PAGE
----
Chickenfeet believes that when you travel local with locals who protect their part of the planet, you are doing your part to support the right people doing the right thing. 

So positive impact travel is at the core of Chickenfeet’s philosophy and practice: empowering local people in Southeast Asia, preserving nature and protecting its wildlife for the future.

“In Phong Nha of Vietnam, the guides are mostly women. This makes it important for us to support our tour partner there so as to empower the female community by raising their income potential,” said Jin.

Such motivations to invest in small operators ensure that tourism activities are beneficial to the communities, with multiple ripple effects for the good of the people as well as the environment.

In addition to only working with locals, it strives to influence change to a better, plastic-free, waste-free and more sustainable operation.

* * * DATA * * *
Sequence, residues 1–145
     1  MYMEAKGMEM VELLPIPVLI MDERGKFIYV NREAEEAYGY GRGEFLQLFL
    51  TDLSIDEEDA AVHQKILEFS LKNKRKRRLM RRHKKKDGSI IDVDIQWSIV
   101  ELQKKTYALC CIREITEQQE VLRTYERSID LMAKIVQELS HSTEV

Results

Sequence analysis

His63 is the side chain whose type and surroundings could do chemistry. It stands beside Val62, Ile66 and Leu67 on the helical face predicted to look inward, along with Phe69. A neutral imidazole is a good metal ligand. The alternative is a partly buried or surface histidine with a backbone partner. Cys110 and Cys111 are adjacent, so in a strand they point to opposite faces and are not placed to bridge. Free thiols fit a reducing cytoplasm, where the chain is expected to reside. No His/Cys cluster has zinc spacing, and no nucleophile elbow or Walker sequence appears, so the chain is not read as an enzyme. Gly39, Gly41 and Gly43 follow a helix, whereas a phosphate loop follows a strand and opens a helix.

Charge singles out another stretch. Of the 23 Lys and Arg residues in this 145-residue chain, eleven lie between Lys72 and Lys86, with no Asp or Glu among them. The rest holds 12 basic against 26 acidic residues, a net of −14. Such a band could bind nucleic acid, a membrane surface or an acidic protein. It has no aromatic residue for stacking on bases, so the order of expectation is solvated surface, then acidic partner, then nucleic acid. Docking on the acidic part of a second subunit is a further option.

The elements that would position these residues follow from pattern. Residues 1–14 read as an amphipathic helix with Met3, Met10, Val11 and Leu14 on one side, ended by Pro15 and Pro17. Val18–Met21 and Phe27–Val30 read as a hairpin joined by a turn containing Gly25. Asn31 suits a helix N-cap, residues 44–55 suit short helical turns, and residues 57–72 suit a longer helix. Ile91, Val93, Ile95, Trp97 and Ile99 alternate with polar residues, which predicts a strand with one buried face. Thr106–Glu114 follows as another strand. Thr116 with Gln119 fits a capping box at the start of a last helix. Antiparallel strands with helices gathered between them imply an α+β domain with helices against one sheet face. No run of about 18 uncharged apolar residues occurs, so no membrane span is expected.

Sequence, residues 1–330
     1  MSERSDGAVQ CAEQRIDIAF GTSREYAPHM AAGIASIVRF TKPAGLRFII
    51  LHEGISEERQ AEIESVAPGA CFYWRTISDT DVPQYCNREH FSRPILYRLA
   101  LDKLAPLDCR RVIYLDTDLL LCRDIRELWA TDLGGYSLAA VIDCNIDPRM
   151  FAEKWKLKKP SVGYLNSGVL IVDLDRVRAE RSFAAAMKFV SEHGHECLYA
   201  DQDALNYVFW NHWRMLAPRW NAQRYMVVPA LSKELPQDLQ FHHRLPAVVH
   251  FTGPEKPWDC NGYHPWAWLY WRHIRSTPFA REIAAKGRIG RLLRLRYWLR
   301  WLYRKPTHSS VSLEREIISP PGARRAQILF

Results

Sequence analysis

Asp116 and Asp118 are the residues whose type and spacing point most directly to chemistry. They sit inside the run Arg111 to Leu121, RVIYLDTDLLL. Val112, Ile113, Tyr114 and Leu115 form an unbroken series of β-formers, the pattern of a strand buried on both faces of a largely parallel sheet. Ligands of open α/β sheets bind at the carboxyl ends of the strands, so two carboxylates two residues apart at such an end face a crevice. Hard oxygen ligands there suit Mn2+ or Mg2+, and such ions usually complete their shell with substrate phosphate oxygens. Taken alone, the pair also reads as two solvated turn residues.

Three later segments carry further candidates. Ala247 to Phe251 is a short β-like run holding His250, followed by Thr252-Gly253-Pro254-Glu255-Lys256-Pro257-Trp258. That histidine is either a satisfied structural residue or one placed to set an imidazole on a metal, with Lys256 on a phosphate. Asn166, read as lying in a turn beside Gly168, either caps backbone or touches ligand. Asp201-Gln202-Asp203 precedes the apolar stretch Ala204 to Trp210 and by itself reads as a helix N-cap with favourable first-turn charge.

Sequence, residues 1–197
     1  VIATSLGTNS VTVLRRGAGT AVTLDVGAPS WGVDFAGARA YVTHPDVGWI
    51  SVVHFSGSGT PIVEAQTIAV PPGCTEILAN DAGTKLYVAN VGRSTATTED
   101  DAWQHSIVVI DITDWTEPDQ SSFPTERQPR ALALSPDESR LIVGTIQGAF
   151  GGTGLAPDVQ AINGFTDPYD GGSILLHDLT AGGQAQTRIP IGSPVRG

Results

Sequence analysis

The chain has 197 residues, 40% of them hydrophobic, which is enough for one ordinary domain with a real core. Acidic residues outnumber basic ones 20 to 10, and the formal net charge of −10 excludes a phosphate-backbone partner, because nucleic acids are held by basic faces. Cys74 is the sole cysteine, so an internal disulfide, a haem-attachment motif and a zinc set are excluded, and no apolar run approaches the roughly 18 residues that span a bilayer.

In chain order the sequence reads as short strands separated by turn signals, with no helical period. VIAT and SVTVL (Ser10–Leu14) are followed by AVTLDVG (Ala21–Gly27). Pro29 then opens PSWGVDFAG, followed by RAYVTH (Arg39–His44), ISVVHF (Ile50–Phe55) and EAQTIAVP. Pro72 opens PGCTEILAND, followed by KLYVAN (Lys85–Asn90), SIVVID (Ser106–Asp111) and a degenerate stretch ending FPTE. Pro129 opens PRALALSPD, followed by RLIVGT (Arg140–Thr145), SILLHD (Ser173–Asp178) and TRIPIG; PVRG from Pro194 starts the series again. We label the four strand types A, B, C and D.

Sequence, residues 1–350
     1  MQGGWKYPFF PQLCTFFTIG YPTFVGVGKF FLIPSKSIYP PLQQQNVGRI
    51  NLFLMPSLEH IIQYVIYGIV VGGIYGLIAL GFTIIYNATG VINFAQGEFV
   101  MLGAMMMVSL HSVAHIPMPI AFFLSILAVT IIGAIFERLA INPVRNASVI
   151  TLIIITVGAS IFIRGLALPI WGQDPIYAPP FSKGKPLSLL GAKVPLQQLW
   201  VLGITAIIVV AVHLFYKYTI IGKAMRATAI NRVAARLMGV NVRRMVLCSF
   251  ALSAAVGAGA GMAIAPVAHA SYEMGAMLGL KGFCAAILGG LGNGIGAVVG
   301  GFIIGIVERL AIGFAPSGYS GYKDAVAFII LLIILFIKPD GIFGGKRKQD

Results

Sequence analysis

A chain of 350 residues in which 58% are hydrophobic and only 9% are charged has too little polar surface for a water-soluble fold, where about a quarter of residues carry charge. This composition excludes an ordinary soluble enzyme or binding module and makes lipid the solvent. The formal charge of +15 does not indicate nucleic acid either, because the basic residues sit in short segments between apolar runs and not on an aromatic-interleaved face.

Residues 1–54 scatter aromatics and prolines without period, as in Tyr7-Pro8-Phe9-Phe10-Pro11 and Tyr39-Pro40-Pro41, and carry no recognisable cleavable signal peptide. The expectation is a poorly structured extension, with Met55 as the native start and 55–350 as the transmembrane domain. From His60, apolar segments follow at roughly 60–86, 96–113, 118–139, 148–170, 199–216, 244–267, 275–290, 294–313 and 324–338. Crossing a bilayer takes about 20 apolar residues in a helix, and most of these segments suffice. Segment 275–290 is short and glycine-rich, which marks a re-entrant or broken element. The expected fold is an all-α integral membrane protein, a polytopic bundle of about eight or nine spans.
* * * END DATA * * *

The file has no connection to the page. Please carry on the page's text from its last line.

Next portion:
Why not learn how to weave or buy local produce when travelling to villages in Southeast Asia? Image courtesy of Chickenfeet Travels

Why not learn how to weave or buy local produce when travelling to villages in Southeast Asia? Image courtesy of Chickenfeet Travels

Just browse the blogs on Chickenfeet Travels website to learn how to travel without creating a plastic trail (using metal straws, collapsible containers etc.), how to travel like a pro (without being weighed down), and more.

Jin blogs on a regular basis and sees that as a tool to relay messages on responsible living and tourism. She also has intentions to improve the environmental conditions of certain places with local tour partners through initiatives such as Rubbish Free Rinjani and Eco Phong Nha Collective.

 The longest dry cave of Phong Nha National Park is the Paradise Cave, a delightful find in Vietnam according to Jin of Chickenfeet Travels